BE CAREFUL WITH YOUR COINS, ONLY TEST WITH WHAT YOU ARE OKAY WITH LOSING IF YOU USE THE MAINNET.

Vertcoin Testnet Coins

https://tvtc.blkidx.org/faucet/
I've included some documentation on LIT I created which includes information I found to be useful: https://github.com/e-corp-sam-sepiol/vertnode/blob/mastedocs/lit.md
Please visit the mit-dci/lit github repository for the most up to date information on lit: https://github.com/mit-dci/lit

Vertnode | Automated Vertcoin Node Installation Script

https://github.com/e-corp-sam-sepiol/vertnode

Recommended: Use Etcher to install the chosen OS to your microSD card / USB flash drive.

If you intend on installing Ubuntu Server 16.04 to your Intel NUC please use Etcher to install the .iso to your USB flash drive.
https://etcher.io/
PLEASE NOTE THIS SCRIPT MAY GIVE AN ERROR. THIS IS THE NATURE OF TESTING. PLEASE REPORT YOUR ERRORS IF YOU WANT THEM TO BE FIXED/RESOLVED. THANK YOU FOR BETTERING THE DEVELOPMENT OF THIS SCRIPT.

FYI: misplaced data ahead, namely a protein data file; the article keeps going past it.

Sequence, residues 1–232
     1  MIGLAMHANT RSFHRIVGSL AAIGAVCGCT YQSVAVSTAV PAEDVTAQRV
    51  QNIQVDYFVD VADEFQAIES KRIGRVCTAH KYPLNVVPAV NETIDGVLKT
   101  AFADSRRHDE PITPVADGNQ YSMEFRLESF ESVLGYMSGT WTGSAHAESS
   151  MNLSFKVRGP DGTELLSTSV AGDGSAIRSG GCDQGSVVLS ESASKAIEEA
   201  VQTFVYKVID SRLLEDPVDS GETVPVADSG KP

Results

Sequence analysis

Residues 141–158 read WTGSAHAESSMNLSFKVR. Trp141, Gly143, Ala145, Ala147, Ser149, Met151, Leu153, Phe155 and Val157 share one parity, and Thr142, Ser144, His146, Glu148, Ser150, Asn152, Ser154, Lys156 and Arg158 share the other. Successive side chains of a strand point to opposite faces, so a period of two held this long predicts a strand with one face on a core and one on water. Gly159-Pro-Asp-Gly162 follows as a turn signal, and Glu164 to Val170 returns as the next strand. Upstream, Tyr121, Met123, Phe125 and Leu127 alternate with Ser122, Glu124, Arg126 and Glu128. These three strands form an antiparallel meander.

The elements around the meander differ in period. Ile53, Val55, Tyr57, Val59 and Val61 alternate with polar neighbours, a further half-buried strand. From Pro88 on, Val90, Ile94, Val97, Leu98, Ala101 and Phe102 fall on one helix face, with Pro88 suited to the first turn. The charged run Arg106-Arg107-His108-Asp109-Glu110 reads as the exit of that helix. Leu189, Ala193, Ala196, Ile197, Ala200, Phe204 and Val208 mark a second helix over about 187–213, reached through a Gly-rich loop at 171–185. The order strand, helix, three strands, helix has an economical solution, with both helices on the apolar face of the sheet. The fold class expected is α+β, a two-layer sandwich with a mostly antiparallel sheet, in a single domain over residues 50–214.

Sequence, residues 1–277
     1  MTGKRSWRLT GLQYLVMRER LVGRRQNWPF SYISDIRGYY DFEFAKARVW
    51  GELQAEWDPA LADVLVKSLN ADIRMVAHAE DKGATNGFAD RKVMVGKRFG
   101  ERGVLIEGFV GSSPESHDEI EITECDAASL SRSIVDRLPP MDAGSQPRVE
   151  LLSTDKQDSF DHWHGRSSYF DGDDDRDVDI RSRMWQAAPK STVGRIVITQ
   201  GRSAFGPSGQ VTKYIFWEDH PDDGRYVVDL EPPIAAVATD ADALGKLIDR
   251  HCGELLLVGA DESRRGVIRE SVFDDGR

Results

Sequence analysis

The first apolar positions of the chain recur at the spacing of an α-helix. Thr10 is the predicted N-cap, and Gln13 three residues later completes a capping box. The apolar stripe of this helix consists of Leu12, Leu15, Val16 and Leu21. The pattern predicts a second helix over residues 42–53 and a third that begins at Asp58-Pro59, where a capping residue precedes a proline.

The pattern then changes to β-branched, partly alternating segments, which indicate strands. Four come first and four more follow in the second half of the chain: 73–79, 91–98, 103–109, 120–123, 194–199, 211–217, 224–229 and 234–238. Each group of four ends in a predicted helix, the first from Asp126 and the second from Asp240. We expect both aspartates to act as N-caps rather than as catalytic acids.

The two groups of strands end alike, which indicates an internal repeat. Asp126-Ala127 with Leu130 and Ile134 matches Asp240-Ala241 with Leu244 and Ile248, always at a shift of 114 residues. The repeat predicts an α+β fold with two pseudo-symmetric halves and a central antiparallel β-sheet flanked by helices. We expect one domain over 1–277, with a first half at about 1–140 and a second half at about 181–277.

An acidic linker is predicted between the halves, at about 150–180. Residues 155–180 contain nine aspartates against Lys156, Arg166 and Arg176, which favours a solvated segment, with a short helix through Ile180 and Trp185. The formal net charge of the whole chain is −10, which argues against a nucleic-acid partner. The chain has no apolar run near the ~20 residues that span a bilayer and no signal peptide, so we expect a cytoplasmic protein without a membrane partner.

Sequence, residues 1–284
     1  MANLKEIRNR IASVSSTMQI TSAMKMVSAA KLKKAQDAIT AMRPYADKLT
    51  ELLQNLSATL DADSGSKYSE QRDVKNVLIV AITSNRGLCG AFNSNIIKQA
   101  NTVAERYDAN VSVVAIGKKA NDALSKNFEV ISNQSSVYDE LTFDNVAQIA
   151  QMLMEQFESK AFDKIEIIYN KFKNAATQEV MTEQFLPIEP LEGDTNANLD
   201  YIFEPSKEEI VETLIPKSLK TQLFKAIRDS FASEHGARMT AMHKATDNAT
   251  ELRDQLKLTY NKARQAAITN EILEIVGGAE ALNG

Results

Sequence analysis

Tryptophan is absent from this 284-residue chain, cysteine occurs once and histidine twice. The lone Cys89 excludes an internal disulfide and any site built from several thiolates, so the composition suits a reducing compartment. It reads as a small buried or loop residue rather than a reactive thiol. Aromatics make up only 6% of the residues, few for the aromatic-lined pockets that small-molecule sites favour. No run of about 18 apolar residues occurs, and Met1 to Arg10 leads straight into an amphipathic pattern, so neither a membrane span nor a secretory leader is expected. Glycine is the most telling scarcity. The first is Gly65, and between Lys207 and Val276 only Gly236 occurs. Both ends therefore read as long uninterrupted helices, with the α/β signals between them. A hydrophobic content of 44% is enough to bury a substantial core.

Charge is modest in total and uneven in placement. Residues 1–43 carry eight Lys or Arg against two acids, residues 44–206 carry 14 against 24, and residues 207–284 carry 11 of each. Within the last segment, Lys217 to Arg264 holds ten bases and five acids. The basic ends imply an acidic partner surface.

Ubuntu Server 16.04 Setup Details

You can use different clients to ssh into your node. One option is using PuTTY or Git Bash on Windows which is included in the desktop version of Git. If you are using Linux you can simply open a new terminal window and ssh to the IP address of your node (hardware you intend installing the Vertcoin node on).
You will need to know the IP address of your node, this can be found on your router page.
ssh 192.168.1.5 -l pi For example, this command uses ssh to login to 192.168.1.5 using the -l login name of pi. The IP address of your node will likely be different for you, in this example I am logging into a Raspberry Pi which has a default login name of pi.
A brief list of commands that can be used to check on the Vertcoin node status:
vertcoin-cli getblockchaininfo | Grab information about your blockchain
vertcoin-cli getblockcount | Grab the current count of blocks on your node
vertcoin-cli getconnectioncount | Grab the current count of connections to your node. A number of connections larger than 8 means that you have incoming connections to your node. The default settings are to make 8 outgoing connections. If you want incoming connections please port forward your Raspberry Pi in your Router settings page.